Century Dictionary and Cyclopedia
- n. The act of spreading tales, especially such as are either untrue or in some way detrimental to the person concerned.
- Spreading stories or reports which are likely to do harm.
- n. Spreading gossip or rumor.
GNU Webster's 1913
- adj. Telling tales officiously.
- n. The act of informing officiously; communication of sectrts, scandal, etc., maliciously.
- adj. prone to communicate confidential information
- tale + bearing (Wiktionary)
“Again, “among your people” suggests that the problem of talebearing goes beyond the individual hurt and affects everybody.”
“Though Rebecca had had the better of him, George was above the meanness of talebearing or revenge upon a lady — only he could not help cleverly confiding to Captain Crawley, next day, some notions of his regarding Miss Rebecca — that she was a sharp one, a dangerous one, a desperate flirt, &c.; in all of which opinions Crawley agreed laughingly, and with every one of which”
“Very little open quarrelling ever took place amongst them; but backbiting and talebearing were universal.”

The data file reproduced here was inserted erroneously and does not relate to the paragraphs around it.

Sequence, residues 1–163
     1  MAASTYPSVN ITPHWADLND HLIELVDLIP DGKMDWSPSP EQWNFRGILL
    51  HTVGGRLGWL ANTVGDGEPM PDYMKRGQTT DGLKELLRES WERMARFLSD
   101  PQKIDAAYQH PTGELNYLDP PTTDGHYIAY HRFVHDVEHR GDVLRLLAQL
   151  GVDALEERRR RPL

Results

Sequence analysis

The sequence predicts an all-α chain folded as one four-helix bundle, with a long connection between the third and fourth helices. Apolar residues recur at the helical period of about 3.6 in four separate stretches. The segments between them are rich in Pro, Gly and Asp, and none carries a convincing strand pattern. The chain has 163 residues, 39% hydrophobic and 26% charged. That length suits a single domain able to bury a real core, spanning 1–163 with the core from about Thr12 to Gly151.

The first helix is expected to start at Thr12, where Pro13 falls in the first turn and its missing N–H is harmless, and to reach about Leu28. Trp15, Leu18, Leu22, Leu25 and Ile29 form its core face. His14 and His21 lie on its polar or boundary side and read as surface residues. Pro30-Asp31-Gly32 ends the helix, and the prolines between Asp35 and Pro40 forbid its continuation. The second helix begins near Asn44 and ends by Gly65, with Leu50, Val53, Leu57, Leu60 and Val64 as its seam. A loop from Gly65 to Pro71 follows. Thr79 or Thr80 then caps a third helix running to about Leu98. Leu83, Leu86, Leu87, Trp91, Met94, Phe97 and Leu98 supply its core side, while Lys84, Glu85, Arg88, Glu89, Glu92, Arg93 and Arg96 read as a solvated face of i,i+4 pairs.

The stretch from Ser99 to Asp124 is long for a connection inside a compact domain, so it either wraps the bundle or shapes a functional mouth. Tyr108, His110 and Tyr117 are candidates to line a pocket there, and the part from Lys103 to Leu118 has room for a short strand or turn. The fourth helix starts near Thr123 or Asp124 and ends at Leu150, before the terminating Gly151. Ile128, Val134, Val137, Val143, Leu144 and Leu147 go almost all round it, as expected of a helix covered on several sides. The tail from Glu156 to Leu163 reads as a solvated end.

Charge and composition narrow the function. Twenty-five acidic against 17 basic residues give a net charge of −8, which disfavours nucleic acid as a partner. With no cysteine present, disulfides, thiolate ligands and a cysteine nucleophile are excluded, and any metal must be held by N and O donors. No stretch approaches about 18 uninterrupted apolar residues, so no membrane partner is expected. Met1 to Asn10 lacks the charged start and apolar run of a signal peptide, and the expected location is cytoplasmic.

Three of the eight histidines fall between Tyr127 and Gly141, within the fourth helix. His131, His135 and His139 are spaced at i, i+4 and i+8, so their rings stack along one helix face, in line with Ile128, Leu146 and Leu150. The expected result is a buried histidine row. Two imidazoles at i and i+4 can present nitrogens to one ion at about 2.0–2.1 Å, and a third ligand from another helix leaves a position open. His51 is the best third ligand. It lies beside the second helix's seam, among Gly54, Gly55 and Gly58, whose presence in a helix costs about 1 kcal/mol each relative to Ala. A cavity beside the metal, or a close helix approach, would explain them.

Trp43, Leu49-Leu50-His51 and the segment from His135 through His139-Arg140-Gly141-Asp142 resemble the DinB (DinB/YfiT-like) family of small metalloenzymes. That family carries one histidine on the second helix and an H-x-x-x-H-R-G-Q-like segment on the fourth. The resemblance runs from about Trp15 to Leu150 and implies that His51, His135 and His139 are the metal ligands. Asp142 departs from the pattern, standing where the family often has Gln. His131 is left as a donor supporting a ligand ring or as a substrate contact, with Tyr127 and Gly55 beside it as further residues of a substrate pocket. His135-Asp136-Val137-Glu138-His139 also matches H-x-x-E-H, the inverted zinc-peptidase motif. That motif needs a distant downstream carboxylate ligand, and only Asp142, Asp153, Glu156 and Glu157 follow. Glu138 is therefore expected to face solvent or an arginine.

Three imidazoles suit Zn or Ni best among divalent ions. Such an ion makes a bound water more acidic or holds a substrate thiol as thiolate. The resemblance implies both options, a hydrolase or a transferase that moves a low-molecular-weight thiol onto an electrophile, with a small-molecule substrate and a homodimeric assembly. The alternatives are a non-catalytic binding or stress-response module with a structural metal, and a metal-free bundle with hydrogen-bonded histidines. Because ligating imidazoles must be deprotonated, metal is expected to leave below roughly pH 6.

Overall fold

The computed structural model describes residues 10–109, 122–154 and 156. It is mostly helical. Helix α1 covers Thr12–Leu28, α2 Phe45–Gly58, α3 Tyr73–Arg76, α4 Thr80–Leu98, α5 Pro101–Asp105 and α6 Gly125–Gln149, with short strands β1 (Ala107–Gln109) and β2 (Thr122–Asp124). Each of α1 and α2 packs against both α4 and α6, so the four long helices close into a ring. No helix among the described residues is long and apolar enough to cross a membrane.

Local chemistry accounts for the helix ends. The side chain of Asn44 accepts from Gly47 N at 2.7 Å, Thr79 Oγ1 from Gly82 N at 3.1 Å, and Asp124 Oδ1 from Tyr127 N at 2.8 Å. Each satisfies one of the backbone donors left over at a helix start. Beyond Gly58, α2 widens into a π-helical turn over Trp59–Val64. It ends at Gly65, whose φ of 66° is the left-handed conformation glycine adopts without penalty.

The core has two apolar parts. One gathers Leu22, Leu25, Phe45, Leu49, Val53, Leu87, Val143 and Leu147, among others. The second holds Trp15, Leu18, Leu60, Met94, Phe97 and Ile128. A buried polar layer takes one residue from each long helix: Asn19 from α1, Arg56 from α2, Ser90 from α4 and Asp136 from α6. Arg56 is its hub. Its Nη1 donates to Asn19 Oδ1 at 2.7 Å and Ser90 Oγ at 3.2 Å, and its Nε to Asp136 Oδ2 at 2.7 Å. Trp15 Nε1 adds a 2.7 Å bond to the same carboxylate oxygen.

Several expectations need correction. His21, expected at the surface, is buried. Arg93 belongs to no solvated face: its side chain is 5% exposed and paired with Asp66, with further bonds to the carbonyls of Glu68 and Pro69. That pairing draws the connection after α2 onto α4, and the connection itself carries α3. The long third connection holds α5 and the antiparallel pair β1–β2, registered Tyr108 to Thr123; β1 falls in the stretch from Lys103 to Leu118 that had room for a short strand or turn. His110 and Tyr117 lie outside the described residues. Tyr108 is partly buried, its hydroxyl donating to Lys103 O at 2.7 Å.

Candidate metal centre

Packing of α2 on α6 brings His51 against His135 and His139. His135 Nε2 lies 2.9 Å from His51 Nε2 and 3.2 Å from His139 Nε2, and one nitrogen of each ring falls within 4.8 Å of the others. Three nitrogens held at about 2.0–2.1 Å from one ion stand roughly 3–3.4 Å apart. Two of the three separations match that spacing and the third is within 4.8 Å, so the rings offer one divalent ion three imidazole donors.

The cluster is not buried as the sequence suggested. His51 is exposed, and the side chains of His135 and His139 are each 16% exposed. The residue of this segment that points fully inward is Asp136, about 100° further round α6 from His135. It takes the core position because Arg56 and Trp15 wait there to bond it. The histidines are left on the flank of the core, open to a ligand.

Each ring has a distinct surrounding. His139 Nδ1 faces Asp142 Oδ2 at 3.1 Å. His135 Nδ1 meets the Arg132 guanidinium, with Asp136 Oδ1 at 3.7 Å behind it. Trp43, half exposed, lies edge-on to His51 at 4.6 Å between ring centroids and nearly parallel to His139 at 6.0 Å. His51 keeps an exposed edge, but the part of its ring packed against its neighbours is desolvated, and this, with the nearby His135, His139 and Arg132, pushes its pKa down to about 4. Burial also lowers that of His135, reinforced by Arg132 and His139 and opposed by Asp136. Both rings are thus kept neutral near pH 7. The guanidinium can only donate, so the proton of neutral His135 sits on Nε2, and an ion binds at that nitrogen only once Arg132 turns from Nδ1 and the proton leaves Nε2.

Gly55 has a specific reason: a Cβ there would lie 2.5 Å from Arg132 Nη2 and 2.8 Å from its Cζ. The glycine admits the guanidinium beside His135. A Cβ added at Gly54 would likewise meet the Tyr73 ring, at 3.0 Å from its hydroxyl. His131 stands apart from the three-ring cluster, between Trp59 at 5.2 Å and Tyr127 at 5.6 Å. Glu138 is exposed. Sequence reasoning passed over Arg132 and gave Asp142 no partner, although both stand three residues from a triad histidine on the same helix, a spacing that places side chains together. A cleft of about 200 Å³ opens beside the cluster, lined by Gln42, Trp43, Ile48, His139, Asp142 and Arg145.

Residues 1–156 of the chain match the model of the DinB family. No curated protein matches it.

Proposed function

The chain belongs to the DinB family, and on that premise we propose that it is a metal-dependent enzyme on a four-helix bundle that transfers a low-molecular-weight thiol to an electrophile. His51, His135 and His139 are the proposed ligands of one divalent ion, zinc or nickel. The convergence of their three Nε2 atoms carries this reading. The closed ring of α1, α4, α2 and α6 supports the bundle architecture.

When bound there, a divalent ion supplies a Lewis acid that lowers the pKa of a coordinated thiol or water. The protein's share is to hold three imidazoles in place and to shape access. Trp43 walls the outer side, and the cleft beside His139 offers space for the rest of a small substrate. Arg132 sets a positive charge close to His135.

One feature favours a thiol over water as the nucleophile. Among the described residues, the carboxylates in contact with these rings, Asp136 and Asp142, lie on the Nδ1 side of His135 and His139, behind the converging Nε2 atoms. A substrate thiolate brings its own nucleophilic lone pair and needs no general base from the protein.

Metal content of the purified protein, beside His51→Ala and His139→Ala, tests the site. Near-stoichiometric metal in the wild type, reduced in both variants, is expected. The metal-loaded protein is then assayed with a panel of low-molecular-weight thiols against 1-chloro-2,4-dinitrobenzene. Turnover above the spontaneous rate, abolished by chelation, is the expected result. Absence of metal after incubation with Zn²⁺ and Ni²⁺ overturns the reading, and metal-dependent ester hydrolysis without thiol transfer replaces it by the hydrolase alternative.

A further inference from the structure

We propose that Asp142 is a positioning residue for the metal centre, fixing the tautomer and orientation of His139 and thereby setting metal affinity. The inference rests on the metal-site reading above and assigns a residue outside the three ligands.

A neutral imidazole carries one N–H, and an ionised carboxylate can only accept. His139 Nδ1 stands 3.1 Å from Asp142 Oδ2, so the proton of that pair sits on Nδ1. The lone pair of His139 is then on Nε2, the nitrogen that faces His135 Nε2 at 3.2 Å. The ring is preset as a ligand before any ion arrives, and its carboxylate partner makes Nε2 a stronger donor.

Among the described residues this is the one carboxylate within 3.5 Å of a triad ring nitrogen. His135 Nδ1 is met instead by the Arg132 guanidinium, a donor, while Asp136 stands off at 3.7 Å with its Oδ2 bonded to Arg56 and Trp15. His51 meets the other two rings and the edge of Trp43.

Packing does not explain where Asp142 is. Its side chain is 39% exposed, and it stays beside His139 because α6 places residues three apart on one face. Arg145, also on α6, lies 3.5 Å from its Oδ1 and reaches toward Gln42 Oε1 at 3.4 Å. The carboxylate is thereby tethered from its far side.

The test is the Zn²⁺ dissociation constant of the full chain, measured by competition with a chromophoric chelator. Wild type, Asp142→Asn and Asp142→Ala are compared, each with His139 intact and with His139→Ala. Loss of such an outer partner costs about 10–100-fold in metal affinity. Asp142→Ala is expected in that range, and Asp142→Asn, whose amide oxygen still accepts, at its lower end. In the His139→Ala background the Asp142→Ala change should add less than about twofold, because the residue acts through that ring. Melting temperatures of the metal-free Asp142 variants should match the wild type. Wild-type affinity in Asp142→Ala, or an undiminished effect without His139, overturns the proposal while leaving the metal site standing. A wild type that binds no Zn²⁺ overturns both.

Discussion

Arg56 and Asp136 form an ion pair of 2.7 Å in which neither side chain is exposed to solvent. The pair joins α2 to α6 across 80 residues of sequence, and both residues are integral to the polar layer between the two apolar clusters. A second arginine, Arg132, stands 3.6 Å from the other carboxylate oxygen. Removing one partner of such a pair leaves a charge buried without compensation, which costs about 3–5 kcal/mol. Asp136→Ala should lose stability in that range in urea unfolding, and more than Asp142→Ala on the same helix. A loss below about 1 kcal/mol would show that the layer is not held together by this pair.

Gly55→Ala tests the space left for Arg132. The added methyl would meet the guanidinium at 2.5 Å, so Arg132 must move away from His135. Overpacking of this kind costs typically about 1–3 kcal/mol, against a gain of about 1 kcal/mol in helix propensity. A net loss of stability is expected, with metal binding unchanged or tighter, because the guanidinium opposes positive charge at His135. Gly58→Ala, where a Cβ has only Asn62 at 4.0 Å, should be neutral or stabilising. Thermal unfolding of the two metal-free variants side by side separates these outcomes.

“I strongly disapprove of talebearing of any sort, and wish to hear no more of this.”
“Informers abounded where talebearing met with countenance and reward; and the sword was readily unsheathed when its success was certain, and it carved out empire.”
“Not everyone approved; but Philip was King, there was no getting past that; and no one loved either guardian well enough to risk the dangerous task of talebearing.”
“The ring of pupils around him, true to the child's creed of no talebearing, glanced at school books or lesson papers with preternaturally grave faces.”
“You know that I never favor talebearing, but, just as a matter of curiosity, is it the young man who passes the plate in church, or the one who sells ribbon in Marsh and Elkins's?”
“He had a score to settle with Josiah Wilby, a boy whose talebearing had procured him his last, well-earned whacking.”
“It put a premium on talebearing and resorted to most cruel means to convict those who earnestly denied that their beliefs were different from those of the Church.”
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